Background: In haematopoietic stem-cell transplantation, male recipients of female grafts have an increased risk of graft-versus-host disease and female recipients have both an increased risk of rejection of male grafts and of specific T-cell and antibody reactivity against H-Y encoded gene products. By contrast, in kidney transplantation, the role of H-Y as a minor histocompatibility antigen has been disputed. We aimed to investigate whether an immunological H-Y effect occurs in kidney transplantation.
Methods: We did a retrospective cohort study between 1985 and 2004 in 195 516 recipients of allografts from deceased donors. We used multivariate statistical methods to compare graft survival and death-censored graft survival rates for female and male donor kidneys in female and male recipients at 1 and 10 years.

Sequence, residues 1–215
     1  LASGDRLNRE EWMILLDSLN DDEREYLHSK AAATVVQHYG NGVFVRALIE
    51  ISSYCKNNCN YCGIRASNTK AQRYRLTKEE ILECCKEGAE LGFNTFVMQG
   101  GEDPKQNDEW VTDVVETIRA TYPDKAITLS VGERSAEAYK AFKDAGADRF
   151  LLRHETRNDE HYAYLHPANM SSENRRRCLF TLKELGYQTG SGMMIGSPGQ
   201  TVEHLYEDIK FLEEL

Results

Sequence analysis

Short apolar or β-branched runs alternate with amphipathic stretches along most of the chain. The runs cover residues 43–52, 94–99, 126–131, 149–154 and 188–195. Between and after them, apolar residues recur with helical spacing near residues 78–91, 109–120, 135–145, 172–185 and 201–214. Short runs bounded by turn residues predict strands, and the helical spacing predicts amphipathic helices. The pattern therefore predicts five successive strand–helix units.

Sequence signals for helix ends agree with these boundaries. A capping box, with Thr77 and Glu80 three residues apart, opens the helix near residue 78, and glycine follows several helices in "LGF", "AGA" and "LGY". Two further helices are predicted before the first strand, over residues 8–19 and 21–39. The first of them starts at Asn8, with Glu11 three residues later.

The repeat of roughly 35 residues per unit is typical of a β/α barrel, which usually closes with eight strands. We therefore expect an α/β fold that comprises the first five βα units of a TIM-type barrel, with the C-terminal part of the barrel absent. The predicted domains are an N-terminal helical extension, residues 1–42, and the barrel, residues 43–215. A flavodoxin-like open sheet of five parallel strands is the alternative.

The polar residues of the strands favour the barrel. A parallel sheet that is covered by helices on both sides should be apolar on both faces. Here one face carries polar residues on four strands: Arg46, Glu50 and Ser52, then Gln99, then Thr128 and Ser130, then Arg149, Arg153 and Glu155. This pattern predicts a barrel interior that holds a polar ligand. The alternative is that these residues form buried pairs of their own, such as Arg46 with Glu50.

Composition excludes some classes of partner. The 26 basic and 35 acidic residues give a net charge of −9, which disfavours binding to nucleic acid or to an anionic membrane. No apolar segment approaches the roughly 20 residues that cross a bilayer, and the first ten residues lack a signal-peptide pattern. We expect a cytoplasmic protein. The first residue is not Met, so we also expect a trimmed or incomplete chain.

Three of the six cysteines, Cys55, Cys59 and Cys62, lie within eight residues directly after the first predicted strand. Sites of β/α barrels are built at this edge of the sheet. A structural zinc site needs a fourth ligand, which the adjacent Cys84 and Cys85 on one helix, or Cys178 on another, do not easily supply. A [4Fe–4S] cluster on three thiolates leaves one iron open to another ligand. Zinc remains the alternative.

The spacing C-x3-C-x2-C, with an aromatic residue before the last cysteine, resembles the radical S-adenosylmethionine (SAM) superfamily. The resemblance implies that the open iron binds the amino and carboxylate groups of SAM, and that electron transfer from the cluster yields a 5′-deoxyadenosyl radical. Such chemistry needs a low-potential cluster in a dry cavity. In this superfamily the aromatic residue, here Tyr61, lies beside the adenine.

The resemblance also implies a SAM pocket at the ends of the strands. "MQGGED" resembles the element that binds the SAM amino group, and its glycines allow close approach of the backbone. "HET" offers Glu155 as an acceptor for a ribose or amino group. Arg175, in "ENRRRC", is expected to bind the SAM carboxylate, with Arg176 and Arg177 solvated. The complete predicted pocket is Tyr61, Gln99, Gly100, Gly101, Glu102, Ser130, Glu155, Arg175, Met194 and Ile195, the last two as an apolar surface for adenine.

Findings: Graft loss was more common with kidneys from female donors than with those from male donors (p<0.001) after both 1 and 10 years. Female recipients had a lower rate of graft failure between the end of the first year and the end of the tenth year (p<0.001). Compared with all other combinations of sex, transplantation of male donor kidneys into female recipients was associated with an increased risk of graft failure during the first year (hazard ratio [HR] 1.08, 95% CI 1.03-1.14, p=0.003; death censored HR 1.11, 1.04-1.19, p=0.003) and between 2 and 10 years (HR 1.06, 1.01-1.10, p=0.008; death censored HR 1.10, 1.05-1.16, p<0.001).
Interpretation: H-Y minor histocompatibility affects human kidney transplantation.